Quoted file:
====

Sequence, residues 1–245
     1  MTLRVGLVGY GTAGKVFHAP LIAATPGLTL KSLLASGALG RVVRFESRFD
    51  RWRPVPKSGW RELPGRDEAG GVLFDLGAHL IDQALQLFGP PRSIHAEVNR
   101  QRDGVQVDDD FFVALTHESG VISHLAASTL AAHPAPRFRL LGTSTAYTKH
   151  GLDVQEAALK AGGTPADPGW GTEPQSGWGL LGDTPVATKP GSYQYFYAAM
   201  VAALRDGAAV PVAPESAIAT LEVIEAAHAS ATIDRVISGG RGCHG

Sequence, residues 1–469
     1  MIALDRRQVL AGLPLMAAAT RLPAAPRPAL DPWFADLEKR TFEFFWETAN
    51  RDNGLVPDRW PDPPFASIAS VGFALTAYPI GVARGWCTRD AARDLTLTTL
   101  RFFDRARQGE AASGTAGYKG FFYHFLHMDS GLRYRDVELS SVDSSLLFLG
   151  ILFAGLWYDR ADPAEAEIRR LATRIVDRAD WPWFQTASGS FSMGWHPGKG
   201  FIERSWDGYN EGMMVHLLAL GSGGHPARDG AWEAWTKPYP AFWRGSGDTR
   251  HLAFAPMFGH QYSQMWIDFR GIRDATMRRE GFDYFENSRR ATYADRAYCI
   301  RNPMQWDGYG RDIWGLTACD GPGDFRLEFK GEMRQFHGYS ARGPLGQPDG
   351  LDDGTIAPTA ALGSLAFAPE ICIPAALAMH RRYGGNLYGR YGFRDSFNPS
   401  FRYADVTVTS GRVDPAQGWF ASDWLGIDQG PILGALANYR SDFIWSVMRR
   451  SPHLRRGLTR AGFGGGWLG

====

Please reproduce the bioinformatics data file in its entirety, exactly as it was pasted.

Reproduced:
Sequence, residues 1–245
     1  MTLRVGLVGY GTAGKVFHAP LIAATPGLTL KSLLASGALG RVVRFESRFD
    51  RWRPVPKSGW RELPGRDEAG GVLFDLGAHL IDQALQLFGP PRSIHAEVNR
   101  QRDGVQVDDD FFVALTHESG VISHLAASTL AAHPAPRFRL LGTSTAYTKH
   151  GLDVQEAALK AGGTPADPGW GTEPQSGWGL LGDTPVATKP GSYQYFYAAM
   201  VAALRDGAAV PVAPESAIAT LEVIEAAHAS ATIDRVISGG RGCHG

Sequence, residues 1–469
     1  MIALDRRQVL AGLPLMAAAT RLPAAPRPAL DPWFADLEKR TFEFFWETAN
    51  RDNGLVPDRW PDPPFASIAS VGFALTAYPI GVARGWCTRD AARDLTLTTL
   101  RFFDRARQGE AASGTAGYKG FFYHFLHMDS GLRYRDVELS SVDSSLLFLG
   151  ILFAGLWYDR ADPAEAEIRR LATRIVDRAD WPWFQTASGS FSMGWHPGKG
   201  FIERSWDGYN EGMMVHLLAL GSGGHPARDG AWEAWTKPYP AFWRGSGDTR
   251  HLAFAPMFGH QYSQMWIDFR GIRDATMRRE GFDYFENSRR ATYADRAYCI
   301  RNPMQWDGYG RDIWGLTACD GPGDFRLEFK GEMRQFHGYS ARGPLGQPDG
   351  LDDGTIAPTA ALGSLAFAPE ICIPAALAMH RRYGGNLYGR YGFRDSFNPS
   401  FRYADVTVTS GRVDPAQGWF ASDWLGIDQG PILGALANYR SDFIWSVMRR
   451  SPHLRRGLTR AGFGGGWLG